Oct 12 2021

What Steps Can K–12 IT Teams Take in the Face of Increasing Cyberattacks?

Ransomware and phishing attacks are too common in today’s learning environment. Here’s how schools can keep bad actors out now and in the future.

School districts are facing increased cybersecurity risks, continuing a trend we’ve seen over the past few years, which was exacerbated by last year’s shift to online learning. The large-scale increase in network and technology use allowed bad actors new opportunities, which they quickly seized with phishing attacks and other attempts to exploit new vulnerabilities.

K–12 Education Faces Growing Cybersecurity Concerns

Across sectors, 2021 has been a banner year for ransomware. FortiGuard Labs found that average weekly ransomware activity in June 2021 was 10 times higher than activity in the same month one year earlier. Attacks devastated the supply chains of multiple organizations — particularly in sectors of critical importance — and impacted daily life, productivity and commerce more than ever before. High-profile incidents have even led the federal government to take action, launching a joint task force specifically devoted to combatting ransomware.

In looking at IPS detections, FortiGuard Labs researchers also found that education saw higher levels of activity regardless of the exploit in question. This continues a trend from 2020, which saw a record-setting 408 publicly disclosed cybersecurity incidents in the K–12 sector, according to The State of K-12 Cybersecurity: 2020 Year in Review, published by the K-12 Cybersecurity Resource Center. The attacks affected 377 school districts in 40 states and cost millions of dollars to remediate.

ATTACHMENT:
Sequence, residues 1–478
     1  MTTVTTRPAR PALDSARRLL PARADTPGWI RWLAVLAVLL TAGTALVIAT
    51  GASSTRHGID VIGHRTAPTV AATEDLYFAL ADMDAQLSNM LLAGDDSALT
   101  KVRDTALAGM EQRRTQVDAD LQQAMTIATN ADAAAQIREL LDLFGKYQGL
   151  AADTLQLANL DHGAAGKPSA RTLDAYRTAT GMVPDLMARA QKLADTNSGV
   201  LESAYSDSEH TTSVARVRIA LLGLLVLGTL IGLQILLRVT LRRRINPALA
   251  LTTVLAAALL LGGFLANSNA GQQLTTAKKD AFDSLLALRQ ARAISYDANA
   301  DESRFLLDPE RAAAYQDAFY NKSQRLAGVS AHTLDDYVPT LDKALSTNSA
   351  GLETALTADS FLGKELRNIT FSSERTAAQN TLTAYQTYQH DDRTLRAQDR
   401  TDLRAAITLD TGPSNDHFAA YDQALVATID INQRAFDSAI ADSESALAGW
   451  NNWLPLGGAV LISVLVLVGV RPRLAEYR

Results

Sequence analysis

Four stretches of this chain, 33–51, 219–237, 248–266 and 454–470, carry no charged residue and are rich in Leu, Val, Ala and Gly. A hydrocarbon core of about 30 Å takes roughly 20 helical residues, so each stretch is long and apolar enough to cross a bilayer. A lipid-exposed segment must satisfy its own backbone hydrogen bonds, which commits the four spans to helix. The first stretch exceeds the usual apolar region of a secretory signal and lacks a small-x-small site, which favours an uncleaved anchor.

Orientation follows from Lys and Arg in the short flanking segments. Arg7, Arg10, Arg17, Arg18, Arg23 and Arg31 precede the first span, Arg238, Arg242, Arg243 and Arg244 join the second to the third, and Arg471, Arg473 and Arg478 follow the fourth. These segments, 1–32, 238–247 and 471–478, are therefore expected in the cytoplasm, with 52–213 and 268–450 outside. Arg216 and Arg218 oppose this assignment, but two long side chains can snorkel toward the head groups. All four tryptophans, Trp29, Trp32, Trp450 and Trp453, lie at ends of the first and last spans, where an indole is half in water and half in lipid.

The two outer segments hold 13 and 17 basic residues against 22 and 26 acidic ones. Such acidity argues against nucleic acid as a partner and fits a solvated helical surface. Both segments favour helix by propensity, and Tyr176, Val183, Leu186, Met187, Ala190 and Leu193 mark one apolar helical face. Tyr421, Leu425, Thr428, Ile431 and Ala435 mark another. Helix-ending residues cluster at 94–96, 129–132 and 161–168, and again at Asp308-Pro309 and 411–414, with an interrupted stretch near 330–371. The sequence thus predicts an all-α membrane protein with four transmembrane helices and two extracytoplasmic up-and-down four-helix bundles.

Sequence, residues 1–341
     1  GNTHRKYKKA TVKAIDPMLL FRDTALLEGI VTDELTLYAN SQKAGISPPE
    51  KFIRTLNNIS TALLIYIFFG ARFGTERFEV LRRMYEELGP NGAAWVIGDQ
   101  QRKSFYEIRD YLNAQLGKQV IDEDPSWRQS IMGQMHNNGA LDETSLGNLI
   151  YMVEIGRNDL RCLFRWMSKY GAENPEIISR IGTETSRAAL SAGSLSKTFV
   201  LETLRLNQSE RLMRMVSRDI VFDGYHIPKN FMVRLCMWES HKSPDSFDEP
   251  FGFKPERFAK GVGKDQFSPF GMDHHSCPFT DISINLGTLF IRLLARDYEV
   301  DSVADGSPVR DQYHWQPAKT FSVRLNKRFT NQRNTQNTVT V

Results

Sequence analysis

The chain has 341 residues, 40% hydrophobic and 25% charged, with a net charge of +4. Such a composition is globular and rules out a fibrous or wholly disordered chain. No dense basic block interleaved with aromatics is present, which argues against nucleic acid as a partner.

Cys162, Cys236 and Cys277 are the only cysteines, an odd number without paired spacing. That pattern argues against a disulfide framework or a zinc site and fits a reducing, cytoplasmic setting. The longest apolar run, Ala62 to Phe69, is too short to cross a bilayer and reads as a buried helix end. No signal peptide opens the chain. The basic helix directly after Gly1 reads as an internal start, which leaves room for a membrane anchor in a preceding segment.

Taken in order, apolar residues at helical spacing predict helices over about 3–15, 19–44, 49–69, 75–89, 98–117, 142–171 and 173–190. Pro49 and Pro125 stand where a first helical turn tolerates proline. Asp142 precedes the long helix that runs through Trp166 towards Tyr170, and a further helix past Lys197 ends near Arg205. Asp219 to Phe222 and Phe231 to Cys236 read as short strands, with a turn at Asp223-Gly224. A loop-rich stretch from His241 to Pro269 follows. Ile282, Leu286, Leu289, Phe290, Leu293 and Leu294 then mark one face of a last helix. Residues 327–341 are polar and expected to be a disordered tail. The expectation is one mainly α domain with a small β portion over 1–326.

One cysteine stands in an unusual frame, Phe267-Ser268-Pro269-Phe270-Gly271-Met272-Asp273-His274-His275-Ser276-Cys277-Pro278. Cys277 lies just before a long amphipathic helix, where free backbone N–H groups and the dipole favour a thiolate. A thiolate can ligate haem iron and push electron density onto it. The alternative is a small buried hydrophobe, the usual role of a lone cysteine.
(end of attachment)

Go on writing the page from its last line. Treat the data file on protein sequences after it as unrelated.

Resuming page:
Thankfully, although the risks are real and growing, there are ways to combat these attacks. The shift to remote learning left many districts and schools vulnerable as the threat landscape became larger and more complicated. But district IT teams don’t need to feel alone in this situation.

How Can Schools Prepare for Cyberattacks Now?

For schools already grappling with numerous challenges related to the pandemic, many IT systems likely remain underfunded. But cybersecurity isn’t something that can be ignored.

Prevention is always key, and users are the first and best line of defense. It’s important to implement security awareness training as an immediate first step. All faculty and staff members should be able to spot phishing emails and know not to click on dangerous links.

DIVE DEEPER: What should K–12 leaders know about whaling attacks?

Anti-spam and anti-malware capabilities are another preventive security to combat phishing. Software-defined WAN will also play a major role in both evolving and securing networks as the edge expands. Real-time endpoint protection, detection, and automated response solutions will be vital to secure environments along with a zero-trust approach to access.

Network firewalls are another important security component, combined with network segmentation to separate internet-facing applications from back-office applications. Web application firewalls should be placed in front of learning management systems and anything else that’s externally facing.

In addition, make sure to create, test and maintain a cybersecurity incident response plan that outlines the steps to take during incidents such as a ransomware attack.

How Can Schools Prepare for Future Cybersecurity Threats?

As school districts around the country enter a new school year already fraught with pandemic concerns, cyber risks are ever present. Even with classes taking place in person, the danger still exists. In response, the U.S. Senate recently passed the K-12 Cybersecurity Act, which would direct the Cybersecurity and Infrastructure Security Agency to conduct a comprehensive study of the cybersecurity risks schools face and develop recommendations and resources for schools.

Bad actors also know that schools are chronically underfunded and their IT departments are frequently understaffed. Not to mention that these teams are often working with legacy systems and heterogenous infrastructure.

READ MORE: K–12 leaders must prepare to retire outdated tech.

These factors don’t mean the education sector is helpless. Educating network users, implementing key technologies and putting an incident response plan in place will all help to defend schools against cyberthreats today and into the future.

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